Speaker Passes Buck On IVF Ruling

Speaker of the House Mike Johnson said in a recent interview that state lawmakers would have to decide how to deal with the question of in vitro fertilization in the wake of the Alabama Supreme Court’s February decision, CBS News reported.

While appearing on “CBS Mornings” on March 7, the speaker was asked about the Alabama legislature passing a bill the day before to protect IVF providers from civil and criminal liability. The bill was quickly signed into law by Alabama’s Republican Governor Kay Ivey.

Johnson told host Tony Dokoupil that lawmakers in pro-life states needed to examine the ethics of the issue. He explained that for those who “believe that life begins at conception,” the question tackled by the Alabama Supreme Court was an “important question to wrestle with.”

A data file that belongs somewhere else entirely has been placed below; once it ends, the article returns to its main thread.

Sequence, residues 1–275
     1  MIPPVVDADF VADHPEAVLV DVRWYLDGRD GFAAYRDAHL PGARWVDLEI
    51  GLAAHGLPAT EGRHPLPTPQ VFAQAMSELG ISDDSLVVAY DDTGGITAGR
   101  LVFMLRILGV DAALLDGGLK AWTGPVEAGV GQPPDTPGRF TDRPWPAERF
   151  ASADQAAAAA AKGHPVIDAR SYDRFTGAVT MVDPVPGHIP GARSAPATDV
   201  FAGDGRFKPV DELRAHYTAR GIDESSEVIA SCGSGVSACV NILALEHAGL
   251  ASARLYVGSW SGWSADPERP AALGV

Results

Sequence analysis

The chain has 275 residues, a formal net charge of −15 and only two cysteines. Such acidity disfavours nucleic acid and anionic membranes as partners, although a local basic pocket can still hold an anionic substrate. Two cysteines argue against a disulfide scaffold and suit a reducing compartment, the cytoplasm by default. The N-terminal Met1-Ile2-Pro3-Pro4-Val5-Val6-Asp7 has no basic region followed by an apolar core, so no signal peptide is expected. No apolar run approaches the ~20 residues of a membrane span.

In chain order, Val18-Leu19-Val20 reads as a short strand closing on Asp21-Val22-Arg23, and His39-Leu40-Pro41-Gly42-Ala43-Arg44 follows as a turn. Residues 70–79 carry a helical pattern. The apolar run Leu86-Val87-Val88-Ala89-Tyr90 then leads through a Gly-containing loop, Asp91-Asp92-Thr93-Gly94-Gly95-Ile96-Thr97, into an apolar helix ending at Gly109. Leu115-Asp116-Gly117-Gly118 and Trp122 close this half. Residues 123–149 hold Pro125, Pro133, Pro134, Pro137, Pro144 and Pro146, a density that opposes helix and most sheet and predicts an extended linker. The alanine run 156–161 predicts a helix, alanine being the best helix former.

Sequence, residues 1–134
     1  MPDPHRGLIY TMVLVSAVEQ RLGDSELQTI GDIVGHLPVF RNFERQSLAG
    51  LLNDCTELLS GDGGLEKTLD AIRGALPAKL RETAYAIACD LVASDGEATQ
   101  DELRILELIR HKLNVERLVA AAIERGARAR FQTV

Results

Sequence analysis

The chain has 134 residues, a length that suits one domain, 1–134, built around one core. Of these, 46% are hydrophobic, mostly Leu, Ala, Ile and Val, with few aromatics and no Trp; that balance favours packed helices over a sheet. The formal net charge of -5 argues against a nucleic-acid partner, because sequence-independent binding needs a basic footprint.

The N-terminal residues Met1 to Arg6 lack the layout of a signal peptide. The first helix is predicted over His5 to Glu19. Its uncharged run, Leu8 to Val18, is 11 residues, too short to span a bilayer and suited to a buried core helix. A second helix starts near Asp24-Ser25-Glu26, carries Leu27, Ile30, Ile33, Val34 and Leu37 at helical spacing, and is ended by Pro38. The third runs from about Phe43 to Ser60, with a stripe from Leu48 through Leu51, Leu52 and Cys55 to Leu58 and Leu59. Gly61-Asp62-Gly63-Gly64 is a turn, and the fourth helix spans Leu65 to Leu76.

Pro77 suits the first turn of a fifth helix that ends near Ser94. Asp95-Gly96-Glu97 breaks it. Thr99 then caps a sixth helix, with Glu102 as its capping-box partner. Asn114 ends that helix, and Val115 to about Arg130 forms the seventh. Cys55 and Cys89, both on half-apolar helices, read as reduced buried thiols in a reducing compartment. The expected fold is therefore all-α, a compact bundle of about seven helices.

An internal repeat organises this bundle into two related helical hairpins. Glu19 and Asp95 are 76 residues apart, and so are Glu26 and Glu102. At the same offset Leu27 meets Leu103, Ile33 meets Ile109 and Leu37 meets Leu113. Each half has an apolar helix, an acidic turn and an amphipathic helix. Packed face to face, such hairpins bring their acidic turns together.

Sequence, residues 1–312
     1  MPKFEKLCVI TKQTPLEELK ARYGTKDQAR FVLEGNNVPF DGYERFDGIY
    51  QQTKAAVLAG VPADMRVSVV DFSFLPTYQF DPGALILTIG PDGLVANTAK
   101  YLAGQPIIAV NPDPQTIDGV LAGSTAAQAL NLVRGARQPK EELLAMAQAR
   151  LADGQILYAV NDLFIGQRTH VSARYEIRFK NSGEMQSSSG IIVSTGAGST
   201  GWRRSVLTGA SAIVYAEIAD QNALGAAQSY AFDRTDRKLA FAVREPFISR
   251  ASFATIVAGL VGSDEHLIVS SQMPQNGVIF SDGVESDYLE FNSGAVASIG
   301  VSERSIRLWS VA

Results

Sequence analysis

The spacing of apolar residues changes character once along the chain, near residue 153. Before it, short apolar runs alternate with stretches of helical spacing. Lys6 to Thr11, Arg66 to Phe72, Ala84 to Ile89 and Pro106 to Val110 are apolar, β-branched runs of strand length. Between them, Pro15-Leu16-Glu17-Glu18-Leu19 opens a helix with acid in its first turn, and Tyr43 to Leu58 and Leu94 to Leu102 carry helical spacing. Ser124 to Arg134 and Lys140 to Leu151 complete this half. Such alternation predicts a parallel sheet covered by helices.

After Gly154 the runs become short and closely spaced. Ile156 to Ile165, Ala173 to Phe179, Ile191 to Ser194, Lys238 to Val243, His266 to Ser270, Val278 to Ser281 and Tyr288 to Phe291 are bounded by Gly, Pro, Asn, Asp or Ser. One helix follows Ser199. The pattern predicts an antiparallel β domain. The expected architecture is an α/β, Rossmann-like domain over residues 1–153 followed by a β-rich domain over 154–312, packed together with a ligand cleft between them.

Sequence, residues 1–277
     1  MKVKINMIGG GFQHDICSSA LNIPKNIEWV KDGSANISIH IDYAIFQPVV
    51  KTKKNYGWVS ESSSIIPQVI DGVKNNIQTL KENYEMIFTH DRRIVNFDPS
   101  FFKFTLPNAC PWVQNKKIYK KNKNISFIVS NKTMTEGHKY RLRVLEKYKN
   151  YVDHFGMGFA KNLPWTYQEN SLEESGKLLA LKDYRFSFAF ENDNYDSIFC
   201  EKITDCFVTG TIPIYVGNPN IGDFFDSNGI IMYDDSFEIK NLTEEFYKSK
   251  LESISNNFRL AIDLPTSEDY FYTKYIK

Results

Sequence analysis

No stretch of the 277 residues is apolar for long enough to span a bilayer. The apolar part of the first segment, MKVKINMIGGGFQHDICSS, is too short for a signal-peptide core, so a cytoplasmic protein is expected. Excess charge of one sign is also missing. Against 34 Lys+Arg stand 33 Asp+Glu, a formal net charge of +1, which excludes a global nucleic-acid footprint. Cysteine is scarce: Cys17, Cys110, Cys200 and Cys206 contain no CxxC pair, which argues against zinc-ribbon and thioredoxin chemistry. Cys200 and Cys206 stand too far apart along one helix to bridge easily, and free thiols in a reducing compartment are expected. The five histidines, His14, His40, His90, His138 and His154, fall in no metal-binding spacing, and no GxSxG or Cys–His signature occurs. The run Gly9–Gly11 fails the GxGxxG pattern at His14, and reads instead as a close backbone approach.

The Alabama high court in late February ruled that three Alabama couples whose frozen embryos were destroyed in a storage mishap could sue the IVF provider for wrongful death, arguing that the state Constitution protected unborn children regardless of their stage of development or “physical location.”

Johnson expressed his support for in vitro fertilization and said that states would have to consider how to handle the issue ethically.

Citing his home state of Louisiana, Johnson said some states place a limit on the number of fertilized eggs an IVF provider can create “because they’re sensitive to that issue.”

He said every state would have to “wrestle” with the issue and praised Alabama’s quick action, saying the state “has done a good job of it.”

Under Alabama’s new law, no legal action, including lawsuits or criminal prosecutions, can be brought against IVF facilities or their employees “for the damage to or death of an embryo.”

The law still permits civil lawsuits against companies that manufacture materials used in IVF treatments but places caps on the damages. At the same time, the new law grants immunity from criminal liability to manufacturers of IVF materials.